Funding Care at Home - Private, Council & NHS Social Care Options

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Funding Care at Home - Private, Council & NHS Social Care Options

There are many ways to pay for care at home, and understanding each one is important. Some options might fit your needs better than others.

In this guide, we'll explore council and health authority support as well as home care grants and other financial aid that is available.

We aim to make these options clear and easy to understand. This way, you or your loved one can get the necessary care with a financial plan that makes sense.

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Local Council Funding For Care

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Council funding is a crucial source of support for those needing care at home in the UK. Understanding the eligibility criteria, financial assessment process, and regional variations is key to accessing this support.

Eligibility Criteria: Local authority funding for care largely depends on your financial situation but it's worth noting that it is provided based on a need, not a want. For couples, the assessment considers both partners' income and savings.

This includes the contents of joint bank accounts, which are typically assessed as being split equally between the two account holders. For example, if a joint bank account holds £30,000, the local authority would assess each individual as having £15,000.

The care needs of each individual are evaluated separately, meaning if your combined savings and assets fall below a certain level, either you or your partner might be eligible for council funding. The threshold for savings and assets varies across the UK:

  • England: £23,250
  • Wales: £24,000 for home care and £50,000 for care in a care home
  • Scotland: £28,750
  • Northern Ireland: £23,250

Assessment Process: Before you can receive support from your local council, you'll need to go through a financial assessment, often referred to as a means test. The council arranges this after they assess your care needs, considering your health, living situation, and the type of care you require.

In the means test, they'll look at your income, like pensions and benefits, as well as your savings and investments. Your property is generally not included in the means test if you're receiving care at home.

However, if you're moving into a care home, the value of your property may be considered, except if your partner continues living there.  This means test helps determine how much, if anything, you'll need to pay towards your care.

Understanding this process can help you prepare effectively. For more information, contact your council's social services department.

NHS Continuing Healthcare

NHS Continuing Healthcare is a full care package covering all personal and healthcare costs for eligible individuals. It's designed for those with complex medical needs that can be managed outside a hospital.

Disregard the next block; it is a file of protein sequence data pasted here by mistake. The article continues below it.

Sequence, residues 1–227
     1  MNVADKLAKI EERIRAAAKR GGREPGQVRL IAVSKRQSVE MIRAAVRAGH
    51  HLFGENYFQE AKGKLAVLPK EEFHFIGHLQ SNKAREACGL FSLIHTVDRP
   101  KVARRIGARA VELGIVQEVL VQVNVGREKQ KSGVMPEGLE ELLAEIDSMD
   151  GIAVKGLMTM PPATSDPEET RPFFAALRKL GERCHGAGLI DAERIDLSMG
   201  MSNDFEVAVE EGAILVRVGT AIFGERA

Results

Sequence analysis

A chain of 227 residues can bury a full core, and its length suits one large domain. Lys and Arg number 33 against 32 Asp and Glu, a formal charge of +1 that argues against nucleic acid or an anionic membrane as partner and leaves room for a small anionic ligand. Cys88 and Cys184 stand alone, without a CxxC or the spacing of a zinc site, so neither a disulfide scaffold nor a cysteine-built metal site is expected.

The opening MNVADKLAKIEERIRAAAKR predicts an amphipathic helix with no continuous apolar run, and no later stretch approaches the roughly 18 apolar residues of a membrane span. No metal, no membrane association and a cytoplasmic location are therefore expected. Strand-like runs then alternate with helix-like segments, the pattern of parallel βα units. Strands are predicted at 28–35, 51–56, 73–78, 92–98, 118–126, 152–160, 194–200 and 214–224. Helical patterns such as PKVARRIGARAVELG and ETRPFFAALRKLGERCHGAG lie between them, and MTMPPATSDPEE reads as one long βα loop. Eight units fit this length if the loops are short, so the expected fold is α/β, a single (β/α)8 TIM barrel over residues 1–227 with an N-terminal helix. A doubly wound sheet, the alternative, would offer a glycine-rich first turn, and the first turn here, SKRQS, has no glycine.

This type of care is not based on your income or savings, meaning there is no means test, unlike with local council support. NHS Continuing Healthcare is typically considered when an individual’s needs are primarily medical, rather than social or personal.

Eligibility Criteria: To qualify for NHS Continuing Healthcare, the focus is on your healthcare needs, not your financial situation. The process begins with a 'Checklist Tool,' which is used by healthcare professionals to evaluate your health needs.

Assessment Process: If the Checklist Tool suggests you might be eligible, the next step is a full assessment. This involves a detailed review using the 'Decision Support Tool' to determine your required level of care in various areas, such as mobility and nutrition. Be aware that this process can take several weeks.

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Advice and Support: Navigating NHS Continuing Healthcare can be complex so seeking advice is advisable, especially if you're new to this process. Healthcare professionals and organisations like Age UK can offer guidance. Considering the complexity of the assessment process, consulting a solicitor who specialises in NHS Continuing Healthcare can be highly beneficial.

The cost of legal advice is often outweighed by the potential savings in care costs. For more detailed information on how to apply and what's involved in the assessment, the NHS website and your local Integrated Care Board are also valuable resources.

How Home Care Works


We carefully identify the right carer for you.


You remain in the comfort of your own home.


You benefit from support at the times agreed to suit you.


As much or little care as you require.


Your family and friends visit as before.


Our carer becomes more like a friend.

Alternative Options to Pay for Care at Home

Aside from government assistance, several other avenues exist for financing care at home, providing additional or supplementary support.